This is a story I have always shared with fellow fish-keepers since it was a part of Philippine fish-keeping history. I can imagine how pretty the Tiger Barbs must have looked like at that time when “Mang Earl” was still a young man. Many decades later, generations of newbie Filipino fishkeepers are still amazed by Tiger Barbs.
And now with the addition of the High Fin Tiger Barbs to the growing number of varieties of Tiger Barbs, I am sure future generations of fish-keepers will still be enthralled by this fish. After all I can attest to this since I myself have been charmed by the same fish.
Recently, I went to this local fish supplier because I received a text message form the owner about a new shipment from Thailand. As I was walking along the aisles, a tank with Tiger Barbs caught my attention. I approached the tank and realized what was before me. I smiled, remembering Mang Earl and how he must have felt seven decades ago during his first encounter with Tiger Barbs, so I told myself, “And there they are. I fell in love in an instant. They are so beautiful… Long Fin Tiger Barbs!”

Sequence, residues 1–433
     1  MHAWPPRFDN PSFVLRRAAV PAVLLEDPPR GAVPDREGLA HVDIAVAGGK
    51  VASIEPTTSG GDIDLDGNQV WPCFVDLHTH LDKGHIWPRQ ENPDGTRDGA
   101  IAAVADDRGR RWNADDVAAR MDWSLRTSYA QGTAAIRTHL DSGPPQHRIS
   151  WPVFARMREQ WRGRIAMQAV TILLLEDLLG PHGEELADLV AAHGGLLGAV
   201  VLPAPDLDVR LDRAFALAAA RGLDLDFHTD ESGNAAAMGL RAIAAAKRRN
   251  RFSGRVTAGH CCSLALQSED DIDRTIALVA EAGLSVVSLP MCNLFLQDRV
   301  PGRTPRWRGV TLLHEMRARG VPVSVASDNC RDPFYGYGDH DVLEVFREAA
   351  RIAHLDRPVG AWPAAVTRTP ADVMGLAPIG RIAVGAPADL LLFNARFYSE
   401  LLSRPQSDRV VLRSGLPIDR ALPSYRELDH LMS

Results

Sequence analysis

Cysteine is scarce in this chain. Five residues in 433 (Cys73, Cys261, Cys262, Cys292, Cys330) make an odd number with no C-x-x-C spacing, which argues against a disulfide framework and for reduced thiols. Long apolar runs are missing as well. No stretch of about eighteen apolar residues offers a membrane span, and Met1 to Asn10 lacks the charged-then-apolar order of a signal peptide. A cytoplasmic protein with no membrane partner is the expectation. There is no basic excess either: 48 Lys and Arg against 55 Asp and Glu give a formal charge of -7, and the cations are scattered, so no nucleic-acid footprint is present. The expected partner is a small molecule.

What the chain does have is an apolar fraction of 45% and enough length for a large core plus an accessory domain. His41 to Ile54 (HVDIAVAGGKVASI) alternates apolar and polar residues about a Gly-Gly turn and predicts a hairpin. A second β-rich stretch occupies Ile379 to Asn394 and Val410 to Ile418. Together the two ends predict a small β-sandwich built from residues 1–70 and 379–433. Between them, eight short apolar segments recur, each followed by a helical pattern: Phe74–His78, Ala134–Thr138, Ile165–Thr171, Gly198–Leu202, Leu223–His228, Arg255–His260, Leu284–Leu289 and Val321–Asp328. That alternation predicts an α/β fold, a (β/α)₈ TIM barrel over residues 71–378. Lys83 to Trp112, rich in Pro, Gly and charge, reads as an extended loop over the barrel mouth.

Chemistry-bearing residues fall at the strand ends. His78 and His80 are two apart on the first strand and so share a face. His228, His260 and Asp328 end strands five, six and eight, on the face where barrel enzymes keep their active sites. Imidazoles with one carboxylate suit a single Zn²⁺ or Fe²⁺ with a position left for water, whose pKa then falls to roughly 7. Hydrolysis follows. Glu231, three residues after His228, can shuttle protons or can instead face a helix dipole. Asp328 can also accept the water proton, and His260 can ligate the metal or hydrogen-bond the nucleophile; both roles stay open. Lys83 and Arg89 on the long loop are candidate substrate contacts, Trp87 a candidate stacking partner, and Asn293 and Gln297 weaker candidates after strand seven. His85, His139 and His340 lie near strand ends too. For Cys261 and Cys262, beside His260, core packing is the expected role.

This story appeared in Animal Scene’s April 2016 issue.